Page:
Civil Air Patrol also known as CAP, an Air force auxiliary program, was established in December 1941 as part of the WWI war effort to utilize the skills of civilian pilots. The program was not originally intended for youth but has since evolved into a multi-faceted composite volunteer program where cadets ages 12–21 get involved in Aerospace Education, Cadet Programs, and Emergency Services.

According to the CAP website, “At its establishment, CAP made no provision for the participation of youth. On Oct. 1, 1942, CAP leaders issued a memorandum creating the CAP Cadet Program for boys and girls ages 15 to 18. The cadet program proved to be a powerful force for imparting practical skills and preparing teenagers for the military and other wartime service agencies.”

Today, CAP cadets have opportunities to participate in drill and ceremonies, ground team trainings, radio communication classes, Cessna orientation flights, glider flights, search and rescue exercises (SAREX), model rocket certifications, and cadet encampments.

According to an article titled “A Proud History of Volunteer Service,” “Today CAP has grown into a national support organization with more than 60,000 members in all 50 states. CAP currently operates the largest private fleet of Cessna aircraft in the world and maintains an advanced, nationwide radio communications system.”

The Eagle Rock Composite Squadron in Idaho Falls has been an active CAP squadron for the past 40 years. Like real Airforce soldiers, CAP senior and cadet members wear military uniforms, participate in Physical training, and can promote through the CAP ranks.

Senior members or adult participants are essential to helping cadets on track for promotion and for supervising various CAP trainings and exercises. Captain James Meyer, a senior member with the Eagle Rock Composite Squadron shared his insight on what CAP brings to the lives of young cadets.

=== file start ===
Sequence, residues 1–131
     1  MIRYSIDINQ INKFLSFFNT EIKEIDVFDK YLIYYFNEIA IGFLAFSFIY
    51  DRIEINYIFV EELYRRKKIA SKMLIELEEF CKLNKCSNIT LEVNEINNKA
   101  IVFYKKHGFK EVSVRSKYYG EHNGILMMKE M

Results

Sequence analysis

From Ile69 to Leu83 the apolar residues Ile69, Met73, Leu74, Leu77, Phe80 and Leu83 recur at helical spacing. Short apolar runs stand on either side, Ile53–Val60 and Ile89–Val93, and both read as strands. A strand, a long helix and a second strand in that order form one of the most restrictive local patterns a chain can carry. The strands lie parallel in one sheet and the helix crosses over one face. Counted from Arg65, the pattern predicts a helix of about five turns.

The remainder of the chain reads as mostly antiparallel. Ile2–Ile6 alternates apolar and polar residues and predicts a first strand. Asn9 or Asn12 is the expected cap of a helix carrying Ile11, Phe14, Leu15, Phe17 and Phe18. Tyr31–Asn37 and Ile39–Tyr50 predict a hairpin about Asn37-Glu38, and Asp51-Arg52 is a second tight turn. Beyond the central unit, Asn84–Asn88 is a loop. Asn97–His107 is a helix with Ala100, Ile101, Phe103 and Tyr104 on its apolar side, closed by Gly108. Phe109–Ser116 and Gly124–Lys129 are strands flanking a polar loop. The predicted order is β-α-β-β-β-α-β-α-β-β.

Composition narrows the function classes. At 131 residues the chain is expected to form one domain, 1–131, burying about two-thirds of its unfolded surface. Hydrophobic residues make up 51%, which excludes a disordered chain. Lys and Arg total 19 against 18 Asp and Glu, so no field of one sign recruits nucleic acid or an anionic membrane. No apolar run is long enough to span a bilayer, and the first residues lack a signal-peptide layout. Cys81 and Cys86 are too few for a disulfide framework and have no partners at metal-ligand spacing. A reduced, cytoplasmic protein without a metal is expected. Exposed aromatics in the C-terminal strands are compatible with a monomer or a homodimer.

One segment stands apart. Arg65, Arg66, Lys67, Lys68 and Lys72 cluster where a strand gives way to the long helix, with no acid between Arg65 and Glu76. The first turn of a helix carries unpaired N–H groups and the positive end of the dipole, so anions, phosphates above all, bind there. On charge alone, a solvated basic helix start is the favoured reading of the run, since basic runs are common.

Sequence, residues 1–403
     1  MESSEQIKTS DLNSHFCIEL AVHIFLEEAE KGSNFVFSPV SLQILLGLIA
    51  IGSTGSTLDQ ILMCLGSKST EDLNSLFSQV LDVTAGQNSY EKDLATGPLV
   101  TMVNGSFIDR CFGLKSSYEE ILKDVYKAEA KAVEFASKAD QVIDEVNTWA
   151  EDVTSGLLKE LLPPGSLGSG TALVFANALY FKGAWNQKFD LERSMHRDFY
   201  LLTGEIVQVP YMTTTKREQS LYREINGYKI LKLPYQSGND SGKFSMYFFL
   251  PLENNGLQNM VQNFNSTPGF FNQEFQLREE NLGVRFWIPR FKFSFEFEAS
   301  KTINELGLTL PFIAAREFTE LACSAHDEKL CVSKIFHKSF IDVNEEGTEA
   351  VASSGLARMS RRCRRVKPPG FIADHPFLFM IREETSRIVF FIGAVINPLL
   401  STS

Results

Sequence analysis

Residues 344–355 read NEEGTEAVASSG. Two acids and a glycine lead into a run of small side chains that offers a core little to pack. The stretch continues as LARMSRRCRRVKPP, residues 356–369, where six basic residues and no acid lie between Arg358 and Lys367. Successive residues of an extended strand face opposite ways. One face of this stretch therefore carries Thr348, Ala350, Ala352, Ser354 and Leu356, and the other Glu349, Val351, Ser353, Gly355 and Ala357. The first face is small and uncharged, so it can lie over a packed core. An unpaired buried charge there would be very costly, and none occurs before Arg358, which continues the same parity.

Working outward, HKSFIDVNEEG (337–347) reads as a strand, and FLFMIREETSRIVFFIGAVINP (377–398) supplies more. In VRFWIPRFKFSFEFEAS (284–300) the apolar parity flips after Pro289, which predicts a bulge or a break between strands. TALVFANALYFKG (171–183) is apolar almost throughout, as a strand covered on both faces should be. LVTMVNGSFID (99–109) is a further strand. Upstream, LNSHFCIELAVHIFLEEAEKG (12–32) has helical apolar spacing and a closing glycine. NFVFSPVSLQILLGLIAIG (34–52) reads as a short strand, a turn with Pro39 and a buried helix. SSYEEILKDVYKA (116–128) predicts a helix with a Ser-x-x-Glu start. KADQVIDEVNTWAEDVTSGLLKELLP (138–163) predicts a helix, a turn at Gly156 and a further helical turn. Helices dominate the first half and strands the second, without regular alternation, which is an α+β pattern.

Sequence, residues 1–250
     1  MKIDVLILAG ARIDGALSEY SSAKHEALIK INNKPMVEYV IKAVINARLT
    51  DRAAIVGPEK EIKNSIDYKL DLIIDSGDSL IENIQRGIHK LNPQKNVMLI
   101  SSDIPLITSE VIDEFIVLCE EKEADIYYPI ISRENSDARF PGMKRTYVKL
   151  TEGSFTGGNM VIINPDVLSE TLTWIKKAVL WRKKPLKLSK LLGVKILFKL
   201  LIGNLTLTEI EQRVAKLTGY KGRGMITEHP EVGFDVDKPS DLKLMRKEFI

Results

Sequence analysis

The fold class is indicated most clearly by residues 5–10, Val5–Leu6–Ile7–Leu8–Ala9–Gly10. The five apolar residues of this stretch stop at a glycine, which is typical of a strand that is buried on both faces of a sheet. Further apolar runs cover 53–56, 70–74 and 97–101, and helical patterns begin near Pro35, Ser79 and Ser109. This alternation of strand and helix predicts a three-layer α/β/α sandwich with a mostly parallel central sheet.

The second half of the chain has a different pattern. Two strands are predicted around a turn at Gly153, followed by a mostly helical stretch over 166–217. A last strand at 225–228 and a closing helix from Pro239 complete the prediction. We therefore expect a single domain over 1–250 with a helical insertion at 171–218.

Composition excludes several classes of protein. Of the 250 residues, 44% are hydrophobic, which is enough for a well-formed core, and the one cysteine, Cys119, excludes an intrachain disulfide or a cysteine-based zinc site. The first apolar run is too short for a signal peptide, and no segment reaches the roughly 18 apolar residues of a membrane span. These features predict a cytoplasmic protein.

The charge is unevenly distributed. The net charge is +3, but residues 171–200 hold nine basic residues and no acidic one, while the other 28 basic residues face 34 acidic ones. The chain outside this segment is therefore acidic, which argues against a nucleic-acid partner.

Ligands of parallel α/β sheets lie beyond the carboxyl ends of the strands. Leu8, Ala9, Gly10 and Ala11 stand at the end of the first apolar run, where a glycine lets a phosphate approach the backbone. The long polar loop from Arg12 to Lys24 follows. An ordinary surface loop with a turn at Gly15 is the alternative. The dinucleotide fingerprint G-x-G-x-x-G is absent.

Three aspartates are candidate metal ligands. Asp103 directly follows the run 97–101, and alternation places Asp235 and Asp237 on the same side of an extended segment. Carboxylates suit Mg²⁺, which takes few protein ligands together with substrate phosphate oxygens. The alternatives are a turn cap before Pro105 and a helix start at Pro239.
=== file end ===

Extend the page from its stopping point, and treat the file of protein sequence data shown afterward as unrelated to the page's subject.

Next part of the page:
“One of our biggest focuses is serving our community state and nation,” Meyer said. “It’s part of our cadet oath…(CAP) gives them a connection to their community on how they can give back and how they can serve. I think that is something that a lot of organizations don’t do anymore is to teach that sense of belonging and sense of community service, dedication and patriotism.”

Meyer also shared his experience with how Civil Air Patrol has provided long-term benefits to many former cadets in their search for jobs in the work force.

“Every one of the cadets that’s moved on from our squadron, that have gone on to get jobs, that have been apart of our squadron has said that their experiences here have set them apart from other job candidates and they were able to get better jobs.”

CAP Chaplain Hillary Lind, a 3-year senior member of the Eagle Rock Composite Squadron and 7-year Navy veteran, explained the challenges of being a senior member but the goal of CAP in teaching young cadets.

“I guess maybe the most challenging this is just to keep reminding ourselves that they’re young kids,” Lind said. “They’re from 12–21…They’re gonna make mistakes and so we just have to keep reminding ourselves of that because we’re in the process of teaching them how to lead, how to follow, how to do all this stuff, and they’re gonna make mistakes. One of the things we like to say is that Civil Air Patrol is a safe place to make mistakes. Try something new. Try something you’ve never done before and if you fail or don’t get it right, it’s okay. That’s how we learn.”

16-year-old Cadet Captain Troy Mooney shared what influenced him to join Civil Air Patrol and the reason why he stays an active member in his home squadron.

“Part of the reason I want to succeed is because I’ve gained so much from the program as a far as knowledge, perspective, and stuff like that,” Mooney said. “So, part of it is just giving it back now. I want to go into cyber security after I graduate, and this can still help with that because there’s stuff like cyber patriot through Civil Air Patrol. There’s a lot of great things you can get from it.”

The Eagle Rock Composite Squadron meets every Thursday from 6:45–8:45 p.m. at Elks Lodge located at 640 E. Elva St., Idaho Falls, ID. CAP activities are also hosted at Taylor’s Crossing in Idaho Falls and Raveston’s Stadium at Idaho Falls High School. For more information about Civil Air Patrol or local squadrons, visit or search Eagle Rock Composite Squadron on Facebook.